Preparing the house for fall:
Here comes the start of the Fall season: time to start thinking about some annual tasks if you live in a part of the country with seasonal temperature changes.
Preparing the house for fall is a way to both prepare and prevent losses – a basic tenant of risk management. As a first time homeowner, renter, millennial needing advice or 20 year homeowner needing reminder – this is good advice.
Here are some posts from the past that can help you through the change of seasons.
Inspect your heating system
Whether it’s a forced-air furnace at home or a boiler in your business, now is the time to get it inspected. Just as you need regular checkups for your body, your building’s “circulatory system” also needs periodic inspection.
Have a qualified inspector look things over, just to be safe. Sometimes this is covered at no additional charge in a service agreement. Make sure your heating system is in shape when you are ready to fire it up in cold weather.
Failure to have a working heating system in the depths of winter can be very expensive – with frozen pipes, Ice issues, or just generally more expensive to have HVAC contractor to come for an emergency visit.
Close and secure your pool
If you live in an area where you can’t swim all year, think about how you close your pool for the season.
Make sure you get ready for the cooler weather by safely stowing items to prevent damage, and drain the water. Draining the lines is important to prevent freezing of the pipes or other areas of the system.
Make sure you block access to the pool area to prevent accidents.
Guests and trespasser can have accidents on your property and this would be unfortunate on many accounts.
Put away Toys, Tools, and adult recreational items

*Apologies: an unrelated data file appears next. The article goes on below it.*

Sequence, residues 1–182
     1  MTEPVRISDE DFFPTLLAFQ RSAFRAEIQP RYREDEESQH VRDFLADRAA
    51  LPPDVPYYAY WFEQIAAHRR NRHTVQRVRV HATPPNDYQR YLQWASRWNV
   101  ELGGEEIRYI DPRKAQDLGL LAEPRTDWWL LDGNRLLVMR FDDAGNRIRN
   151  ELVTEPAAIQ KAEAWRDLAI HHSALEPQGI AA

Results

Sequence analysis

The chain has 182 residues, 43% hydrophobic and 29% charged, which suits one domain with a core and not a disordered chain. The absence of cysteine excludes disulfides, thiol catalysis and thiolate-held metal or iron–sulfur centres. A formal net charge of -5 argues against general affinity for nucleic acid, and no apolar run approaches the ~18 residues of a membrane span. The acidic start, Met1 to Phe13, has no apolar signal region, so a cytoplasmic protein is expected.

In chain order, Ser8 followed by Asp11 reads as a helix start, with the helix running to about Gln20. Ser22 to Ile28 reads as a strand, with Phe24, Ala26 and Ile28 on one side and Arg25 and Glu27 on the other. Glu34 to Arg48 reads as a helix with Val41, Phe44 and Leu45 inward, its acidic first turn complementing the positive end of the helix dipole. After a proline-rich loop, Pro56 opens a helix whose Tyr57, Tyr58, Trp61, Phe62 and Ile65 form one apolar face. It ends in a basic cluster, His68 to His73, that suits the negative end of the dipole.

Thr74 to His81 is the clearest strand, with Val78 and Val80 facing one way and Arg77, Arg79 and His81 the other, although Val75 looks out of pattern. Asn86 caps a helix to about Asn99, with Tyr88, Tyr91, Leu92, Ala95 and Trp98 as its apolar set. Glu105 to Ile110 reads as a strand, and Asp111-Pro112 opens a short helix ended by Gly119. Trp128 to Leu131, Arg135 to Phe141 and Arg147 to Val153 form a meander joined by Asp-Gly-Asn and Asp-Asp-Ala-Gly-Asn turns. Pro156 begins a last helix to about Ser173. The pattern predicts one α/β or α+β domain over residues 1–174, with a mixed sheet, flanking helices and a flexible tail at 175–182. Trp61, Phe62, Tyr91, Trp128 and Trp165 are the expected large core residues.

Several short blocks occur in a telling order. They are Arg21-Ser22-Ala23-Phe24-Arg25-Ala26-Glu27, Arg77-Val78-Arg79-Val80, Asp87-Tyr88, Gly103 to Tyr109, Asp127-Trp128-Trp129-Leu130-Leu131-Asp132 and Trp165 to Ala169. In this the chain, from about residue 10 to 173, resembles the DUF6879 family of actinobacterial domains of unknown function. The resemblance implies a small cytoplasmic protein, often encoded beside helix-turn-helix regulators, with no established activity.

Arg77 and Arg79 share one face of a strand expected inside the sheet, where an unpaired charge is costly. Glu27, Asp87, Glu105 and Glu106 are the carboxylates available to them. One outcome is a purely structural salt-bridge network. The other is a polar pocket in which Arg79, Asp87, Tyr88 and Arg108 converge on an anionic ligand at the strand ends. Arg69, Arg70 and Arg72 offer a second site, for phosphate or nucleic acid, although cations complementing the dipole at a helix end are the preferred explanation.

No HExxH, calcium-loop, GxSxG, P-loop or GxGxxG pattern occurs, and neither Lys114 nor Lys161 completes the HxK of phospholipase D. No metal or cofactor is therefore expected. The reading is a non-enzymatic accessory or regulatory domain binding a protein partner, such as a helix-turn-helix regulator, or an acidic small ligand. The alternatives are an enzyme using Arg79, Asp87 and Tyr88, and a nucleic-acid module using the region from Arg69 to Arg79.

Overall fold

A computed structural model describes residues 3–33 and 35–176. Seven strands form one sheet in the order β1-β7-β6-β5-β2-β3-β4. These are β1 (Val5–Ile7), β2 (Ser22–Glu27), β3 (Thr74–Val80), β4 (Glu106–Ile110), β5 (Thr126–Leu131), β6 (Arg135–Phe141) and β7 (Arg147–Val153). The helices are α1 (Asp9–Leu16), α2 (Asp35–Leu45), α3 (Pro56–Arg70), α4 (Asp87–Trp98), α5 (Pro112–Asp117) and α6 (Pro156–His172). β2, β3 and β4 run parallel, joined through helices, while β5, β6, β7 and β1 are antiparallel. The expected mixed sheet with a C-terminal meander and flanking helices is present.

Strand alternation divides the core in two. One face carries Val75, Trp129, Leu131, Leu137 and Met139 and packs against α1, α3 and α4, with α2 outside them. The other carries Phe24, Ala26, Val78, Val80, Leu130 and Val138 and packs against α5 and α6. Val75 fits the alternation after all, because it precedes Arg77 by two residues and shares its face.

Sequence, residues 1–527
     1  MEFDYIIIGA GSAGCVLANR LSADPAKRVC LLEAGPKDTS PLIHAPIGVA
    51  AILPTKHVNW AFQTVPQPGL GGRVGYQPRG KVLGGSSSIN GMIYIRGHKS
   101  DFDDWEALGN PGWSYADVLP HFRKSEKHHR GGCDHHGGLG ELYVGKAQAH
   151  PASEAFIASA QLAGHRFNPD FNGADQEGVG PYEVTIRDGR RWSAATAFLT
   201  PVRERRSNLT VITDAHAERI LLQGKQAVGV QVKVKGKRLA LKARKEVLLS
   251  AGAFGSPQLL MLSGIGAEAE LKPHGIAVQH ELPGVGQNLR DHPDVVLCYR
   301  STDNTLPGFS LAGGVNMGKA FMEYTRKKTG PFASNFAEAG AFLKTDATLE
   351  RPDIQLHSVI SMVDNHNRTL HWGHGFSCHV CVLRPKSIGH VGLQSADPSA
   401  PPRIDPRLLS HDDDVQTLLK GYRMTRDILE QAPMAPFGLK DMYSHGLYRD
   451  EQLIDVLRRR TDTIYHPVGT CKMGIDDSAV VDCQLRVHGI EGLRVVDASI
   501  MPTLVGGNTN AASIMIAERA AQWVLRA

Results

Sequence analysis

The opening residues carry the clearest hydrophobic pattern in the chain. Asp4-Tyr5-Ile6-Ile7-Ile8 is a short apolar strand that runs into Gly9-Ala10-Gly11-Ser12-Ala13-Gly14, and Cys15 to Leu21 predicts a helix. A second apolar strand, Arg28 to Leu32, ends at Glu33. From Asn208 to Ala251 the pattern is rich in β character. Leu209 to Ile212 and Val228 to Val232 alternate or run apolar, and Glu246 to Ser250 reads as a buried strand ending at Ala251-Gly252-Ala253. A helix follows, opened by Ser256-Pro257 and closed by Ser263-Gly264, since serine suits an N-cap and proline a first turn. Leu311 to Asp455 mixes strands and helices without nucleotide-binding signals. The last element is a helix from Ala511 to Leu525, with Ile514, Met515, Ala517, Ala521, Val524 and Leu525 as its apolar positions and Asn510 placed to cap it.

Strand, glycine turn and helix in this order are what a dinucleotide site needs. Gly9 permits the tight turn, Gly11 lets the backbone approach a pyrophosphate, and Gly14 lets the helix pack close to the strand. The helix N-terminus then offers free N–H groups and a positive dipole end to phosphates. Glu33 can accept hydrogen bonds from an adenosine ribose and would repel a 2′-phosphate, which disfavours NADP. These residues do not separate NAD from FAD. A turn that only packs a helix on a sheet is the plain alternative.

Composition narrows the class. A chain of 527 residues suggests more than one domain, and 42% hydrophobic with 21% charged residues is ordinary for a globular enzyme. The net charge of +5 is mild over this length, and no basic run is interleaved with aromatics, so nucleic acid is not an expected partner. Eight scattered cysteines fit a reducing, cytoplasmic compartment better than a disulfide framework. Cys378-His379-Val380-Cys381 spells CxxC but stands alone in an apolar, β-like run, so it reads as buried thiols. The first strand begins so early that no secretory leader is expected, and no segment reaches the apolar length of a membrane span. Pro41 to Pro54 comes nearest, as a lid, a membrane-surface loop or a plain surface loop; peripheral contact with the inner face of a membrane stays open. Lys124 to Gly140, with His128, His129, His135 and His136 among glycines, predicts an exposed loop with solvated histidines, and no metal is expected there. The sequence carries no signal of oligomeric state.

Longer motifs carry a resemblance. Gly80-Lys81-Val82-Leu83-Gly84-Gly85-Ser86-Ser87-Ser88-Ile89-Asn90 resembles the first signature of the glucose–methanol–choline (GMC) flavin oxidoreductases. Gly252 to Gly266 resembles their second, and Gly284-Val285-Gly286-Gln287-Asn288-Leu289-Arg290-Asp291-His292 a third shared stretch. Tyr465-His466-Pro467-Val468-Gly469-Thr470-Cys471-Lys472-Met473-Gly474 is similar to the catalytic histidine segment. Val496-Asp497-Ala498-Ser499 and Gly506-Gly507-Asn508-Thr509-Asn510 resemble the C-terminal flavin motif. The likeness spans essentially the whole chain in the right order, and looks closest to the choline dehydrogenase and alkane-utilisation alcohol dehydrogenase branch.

Even grown-ups have toys, and some of them (motorcycles, boats, convertibles or RVs) have price tags that are not child’s play.
Make sure your grill is covered. Put away deck furniture.
But in cooler areas, the change of seasons means an opportunity to save a little money.
If you store your car, boat or motorcycle for the cold months, see if your insurance policy offers a credit. You’ll still want property coverage, but if you’re not using your toy, you might not need the liability coverage for the winter months and can save the associated expense.
Preventing the damage to expensive toys is the main rationale behind winterizing and storing, this can be timely depending on how close you live to storage facility so plan ahead.
Complete annual home maintenance
Before it gets too cold or unpleasant to work outside, make one last run at your home maintenance “to-do” list.
Cut back plant and wildlife from home, inspect trees, plant seeds, etc.
Clean and remove leaves, clean gutters, pipes, storm windows, weatherstripping – it’s a lot easier to work on them now than to wait until it’s below freezing.
Clean and prepare deck for snow removal.
Test Fall/Winter equipment
Test your leaf blower, snow blower, and other fall and winter equipment prior to the season approaching.
Oils and Gas can go stale, spark plugs need to be changed, spider webs removed, etc.
Again, these items are more expensive to repair during season and you can get trapped or stuck during an emergency.
Home ownership isn’t easy, but a little preparation and hard work can prevent you from having issues down the road.
If your reading this it’s the first step and good sign, next get out and practice good homeowner risk management.
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